analyst put it to me, the greatest mining pull back in Australia's


lifetime. Now, compared to the third quarter, growth was up about 0.6%,


that beat market expectations, so what are Australians getting right


Sally? Well, I was there on a recent reporting trip and looking at the


economy there and how badly it has been hurt by the apparent end of the


mining boom, but one that really struck me, many in the industry told


me that even though low global prices are hurting the mining


sector, Australia still has one of the most low-cost, and hi-tech


mining sectors in the world. So mining sectors in the world. So


that's certainly helping it. Thank you so much.


Data out from the US shows that perhaps the picture on manufacturing


We've seen solid buying across the region.


The Nikkei closing at highs of the day.


The yen is weaker. This is how things have opened up at


the moment. Just a fraction higher, about a third higher.


Let's hear from Michelle Fleury about what's ahead on Wall Street


We will get the jobs report and we will get a taste of the labour


market, February's ADP report on private payrolls should show an


increase of 190,000 jobs, but that's down slightly from January's figure.


The latest collection of economic anecdotes from the Federal Reserve's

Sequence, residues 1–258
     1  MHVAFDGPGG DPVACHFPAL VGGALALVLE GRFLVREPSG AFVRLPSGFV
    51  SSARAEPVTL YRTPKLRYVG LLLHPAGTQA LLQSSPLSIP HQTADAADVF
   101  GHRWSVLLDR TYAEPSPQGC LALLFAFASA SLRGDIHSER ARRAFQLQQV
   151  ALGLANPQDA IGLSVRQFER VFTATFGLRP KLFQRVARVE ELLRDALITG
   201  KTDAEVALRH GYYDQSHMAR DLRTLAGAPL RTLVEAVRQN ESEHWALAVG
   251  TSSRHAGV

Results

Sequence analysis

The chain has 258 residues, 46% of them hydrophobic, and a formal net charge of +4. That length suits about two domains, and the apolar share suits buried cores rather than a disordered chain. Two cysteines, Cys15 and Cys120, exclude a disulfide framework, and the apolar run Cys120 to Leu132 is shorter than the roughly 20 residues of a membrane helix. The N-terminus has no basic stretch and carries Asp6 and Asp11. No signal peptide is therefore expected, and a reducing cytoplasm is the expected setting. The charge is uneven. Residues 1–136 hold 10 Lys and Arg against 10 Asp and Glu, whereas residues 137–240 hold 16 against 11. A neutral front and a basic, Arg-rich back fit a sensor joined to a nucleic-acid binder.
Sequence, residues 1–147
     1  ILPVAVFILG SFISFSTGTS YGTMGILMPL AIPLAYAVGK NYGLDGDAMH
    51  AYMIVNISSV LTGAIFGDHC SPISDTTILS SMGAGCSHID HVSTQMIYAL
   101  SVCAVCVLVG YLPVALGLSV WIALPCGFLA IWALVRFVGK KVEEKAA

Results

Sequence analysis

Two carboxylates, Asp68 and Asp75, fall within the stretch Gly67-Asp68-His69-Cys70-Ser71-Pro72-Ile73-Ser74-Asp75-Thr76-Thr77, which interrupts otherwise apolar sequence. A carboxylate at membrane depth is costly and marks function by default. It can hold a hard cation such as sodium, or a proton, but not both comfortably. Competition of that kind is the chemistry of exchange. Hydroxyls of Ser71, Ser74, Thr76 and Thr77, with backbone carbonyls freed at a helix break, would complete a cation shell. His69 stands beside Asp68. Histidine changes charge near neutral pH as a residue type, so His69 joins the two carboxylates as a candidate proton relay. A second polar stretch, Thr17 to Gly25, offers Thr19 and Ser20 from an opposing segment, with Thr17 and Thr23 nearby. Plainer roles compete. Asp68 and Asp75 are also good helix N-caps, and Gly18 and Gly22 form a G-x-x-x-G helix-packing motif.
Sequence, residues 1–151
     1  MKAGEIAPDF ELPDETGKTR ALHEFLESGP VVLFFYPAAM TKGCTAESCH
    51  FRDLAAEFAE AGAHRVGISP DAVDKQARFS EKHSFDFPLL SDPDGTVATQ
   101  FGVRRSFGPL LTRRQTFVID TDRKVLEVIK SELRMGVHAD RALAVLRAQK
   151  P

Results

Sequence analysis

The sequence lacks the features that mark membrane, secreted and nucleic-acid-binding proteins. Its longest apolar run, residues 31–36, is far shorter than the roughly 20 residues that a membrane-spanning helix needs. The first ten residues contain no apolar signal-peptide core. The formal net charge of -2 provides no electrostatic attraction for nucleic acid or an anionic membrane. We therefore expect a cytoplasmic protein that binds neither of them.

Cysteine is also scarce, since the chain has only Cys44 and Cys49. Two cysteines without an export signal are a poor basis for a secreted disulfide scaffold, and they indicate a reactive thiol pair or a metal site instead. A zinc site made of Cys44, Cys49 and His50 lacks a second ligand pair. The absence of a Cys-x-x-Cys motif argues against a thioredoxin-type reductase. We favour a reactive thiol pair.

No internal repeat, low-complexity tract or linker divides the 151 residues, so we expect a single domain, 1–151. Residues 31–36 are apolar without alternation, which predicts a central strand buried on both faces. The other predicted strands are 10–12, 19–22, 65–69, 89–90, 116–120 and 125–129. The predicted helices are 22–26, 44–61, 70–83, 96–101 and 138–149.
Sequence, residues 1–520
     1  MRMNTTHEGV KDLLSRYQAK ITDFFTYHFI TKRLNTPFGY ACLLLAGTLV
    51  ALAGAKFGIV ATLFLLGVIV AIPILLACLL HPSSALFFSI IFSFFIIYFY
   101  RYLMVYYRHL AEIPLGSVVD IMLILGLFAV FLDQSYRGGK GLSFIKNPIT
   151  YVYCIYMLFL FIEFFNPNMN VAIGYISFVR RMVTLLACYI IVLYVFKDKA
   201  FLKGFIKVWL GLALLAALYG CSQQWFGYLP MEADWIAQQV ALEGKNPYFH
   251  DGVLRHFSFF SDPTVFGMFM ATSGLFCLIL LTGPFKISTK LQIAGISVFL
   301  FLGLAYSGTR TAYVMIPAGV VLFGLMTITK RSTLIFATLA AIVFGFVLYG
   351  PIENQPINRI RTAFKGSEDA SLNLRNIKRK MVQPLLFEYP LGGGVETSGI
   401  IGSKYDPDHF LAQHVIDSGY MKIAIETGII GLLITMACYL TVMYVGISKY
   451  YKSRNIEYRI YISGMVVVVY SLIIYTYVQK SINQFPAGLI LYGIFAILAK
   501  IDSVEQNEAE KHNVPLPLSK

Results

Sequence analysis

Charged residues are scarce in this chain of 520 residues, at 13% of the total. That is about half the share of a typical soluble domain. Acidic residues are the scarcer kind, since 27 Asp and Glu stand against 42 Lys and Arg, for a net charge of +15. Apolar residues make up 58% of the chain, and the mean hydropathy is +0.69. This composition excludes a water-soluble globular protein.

12 regional banks will be released in the afternoon, the beige book may


show the world's largest continues to flash mixed signals. Look out for


reports from aber copl bee and Fich. These two may have seen their


revenues dragged down by unsees bleu warm weather this winter.


He's an Investment Director at Fidelity Worldwide Investment.


Everywhere is going up. We have had a strong session on Wall Street. It


is happening at the moment in Europe. And yet, China being


highlighted as a risk from Moody's which doesn't seem to be affecting


people's sentiment today? Well, the bull markets always climb a wall of


worry. Wall Street has set the tone last night and I think what is


happening there, you know, over the first couple of months of this year,


there was a growing fear of recession led by the United States.


I think the data that we're getting coming through now suggests that is


less likely so the manufacturing figures, they were not great, but


they were better than expected. Inflation is beginning to nudge up.


So I think the feeling is that interest rates probably will start


to push higher this year. There was a fear that maybe they wouldn't rise


at all. That's good for the banks. We have seen the oil price rise.


That's good for the energy companies. So generally speaking, I


think the mood is just lightening a bit. There is a sort of sell-off


fatigue after two months of ropey markets. Do you think the worst is


over in terms of that big sell off that we have seen at the start of